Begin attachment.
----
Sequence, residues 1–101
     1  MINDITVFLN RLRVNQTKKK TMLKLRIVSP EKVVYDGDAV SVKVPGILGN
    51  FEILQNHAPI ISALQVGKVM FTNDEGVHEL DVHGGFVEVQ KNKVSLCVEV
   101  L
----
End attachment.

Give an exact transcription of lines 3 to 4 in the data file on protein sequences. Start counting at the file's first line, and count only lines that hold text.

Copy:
    51  FEILQNHAPI ISALQVGKVM FTNDEGVHEL DVHGGFVEVQ KNKVSLCVEV
   101  L